#AceHistoryNews – RUSSIA:March.24: Thirty years ago on March.11 the Kremlin, the Soviet Politburo unanimously elected its youngest member, Mikhail Gorbachev, to the pinnacle of Soviet power General Secretary of the Politburo of the Communist Party of the Soviet Union.
This election ushered in the "perestroika" period of revolutionary change, which led to the end of the Cold War, democratization of the Soviet Union, and ultimately to the peaceful dissolution of the Soviet empire.
Gorbachev had come to Moscow only a few years earlier, in 1978, to serve as the party secretary for Agriculture. His rise was indeed meteoric. Under General Secretary Yuri Andropov (1982-84), Gorbachev essentially became number two in the party and a perceived successor to Andropov.
From modest beginnings at the Twenty-Seventh Party Congress in 1986, perestroika, Mikhail Gorbachev’s program of economic, political, and social restructuring, became the unintended catalyst for dismantling what had taken nearly three-quarters of a century to erect: the Marxist-Leninist-Stalinist totalitarian state.
The world watched in disbelief but with growing admiration as Soviet forces withdrew from Afghanistan, democratic governments overturned Communist regimes in Eastern Europe, Germany was reunited, the Warsaw Pact withered away, and the Cold War came to an abrupt end.
In the Soviet Union itself, however, reactions to the new policies were mixed. Reform policies rocked the foundation of entrenched traditional power bases in the party, economy, and society but did not replace them entirely. Newfound freedoms of assembly, speech, and religion, the right to strike, and multi-candidate elections undermined not only the Soviet Union’s authoritarian structures, but also the familiar sense of order and predictability. Long-suppressed, bitter inter-ethnic, economic, and social grievances led to clashes, strikes, and growing crime rates.
Gorbachev introduced policies designed to begin establishing a market economy by encouraging limited private ownership and profitability in Soviet industry and agriculture. But the Communist control system and over-centralization of power and privilege were maintained and new policies produced no economic miracles. Instead, lines got longer for scarce goods in the stores, civic unrest mounted, and bloody crackdowns claimed lives, particularly in the restive nationalist populations of the outlying Caucasus and Baltic states.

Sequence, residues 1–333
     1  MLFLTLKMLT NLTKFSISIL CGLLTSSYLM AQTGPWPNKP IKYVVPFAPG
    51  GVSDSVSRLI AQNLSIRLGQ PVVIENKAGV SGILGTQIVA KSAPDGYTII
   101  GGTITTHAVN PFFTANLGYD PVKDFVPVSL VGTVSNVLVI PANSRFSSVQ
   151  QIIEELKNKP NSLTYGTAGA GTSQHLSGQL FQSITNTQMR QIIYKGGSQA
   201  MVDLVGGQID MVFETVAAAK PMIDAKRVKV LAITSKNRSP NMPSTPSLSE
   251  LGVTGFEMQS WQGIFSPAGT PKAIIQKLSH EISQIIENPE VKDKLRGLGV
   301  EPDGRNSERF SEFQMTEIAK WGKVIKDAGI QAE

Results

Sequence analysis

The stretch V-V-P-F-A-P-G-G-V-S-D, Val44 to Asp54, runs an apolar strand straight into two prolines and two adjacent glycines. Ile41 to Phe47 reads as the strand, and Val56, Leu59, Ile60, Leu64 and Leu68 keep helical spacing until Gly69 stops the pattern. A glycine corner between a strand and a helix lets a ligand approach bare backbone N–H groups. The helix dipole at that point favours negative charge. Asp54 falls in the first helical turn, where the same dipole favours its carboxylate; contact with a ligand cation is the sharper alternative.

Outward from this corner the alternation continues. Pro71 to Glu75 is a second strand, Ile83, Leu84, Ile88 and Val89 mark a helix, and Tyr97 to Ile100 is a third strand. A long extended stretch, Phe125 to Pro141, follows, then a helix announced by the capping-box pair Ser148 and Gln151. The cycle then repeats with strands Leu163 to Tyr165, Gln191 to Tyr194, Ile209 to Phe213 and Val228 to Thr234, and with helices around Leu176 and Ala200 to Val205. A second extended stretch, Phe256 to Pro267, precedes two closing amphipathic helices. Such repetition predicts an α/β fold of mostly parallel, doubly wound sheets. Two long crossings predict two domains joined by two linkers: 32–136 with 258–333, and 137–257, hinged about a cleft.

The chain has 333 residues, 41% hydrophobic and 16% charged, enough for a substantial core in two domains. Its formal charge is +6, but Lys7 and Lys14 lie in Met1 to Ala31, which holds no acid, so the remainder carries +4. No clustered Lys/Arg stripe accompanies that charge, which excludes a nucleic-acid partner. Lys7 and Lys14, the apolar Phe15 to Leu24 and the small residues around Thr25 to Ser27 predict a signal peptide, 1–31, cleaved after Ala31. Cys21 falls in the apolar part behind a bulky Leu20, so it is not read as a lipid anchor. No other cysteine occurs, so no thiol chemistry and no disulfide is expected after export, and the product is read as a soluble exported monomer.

On August 19, 1991, conservative elements in Gorbachev’s own administration launched an abortive coup d’‚tat to prevent the signing of a new union treaty the following day and to restore the party’s power and authority. Boris Yeltsin, who had become Russia’s first popularly elected president in June 1991, made the seat of government of his Russian republic, known as the White House, the rallying point for resistance to the organizers of the coup. Under his leadership, Russia embarked on even more far- reaching reforms as the Soviet Union broke up into its constituent republics and formed the Commonwealth of Independent States.
According to the documents as well as diaries and memoirs, Gorbachev was a straight arrow, not a dissident, but a reformer within the system. His top priorities were to reform the Soviet economy, end the war in Afghanistan, and end the nuclear arms race to direct the peace dividend to domestic reform.
It helped him that at the time, the entire Soviet elite was ready for change and saw in him the potential to make the Soviet system stronger and more vibrant. The documents published here show Gorbachev’s first efforts to achieve his goals from the conversation with Afghan Communist leader Babrak Karmal to the launch of the anti-alcohol campaign, to the first conversation with President Ronald Reagan.
This selection of documents from all seven years of the perestroika era attempts to give the reader a sense of the scope of this revolutionary transformation, not just of the Soviet Union, but of the world.
The documents cover the most important issues that confronted Soviet leaders in this period the reform of the Warsaw Pact and relations with socialist allies from the beginning and to the crumbling of the Pact, arms control and the key U.S.-Soviet interactions, relations with West European countries, and Soviet activities in the Third World.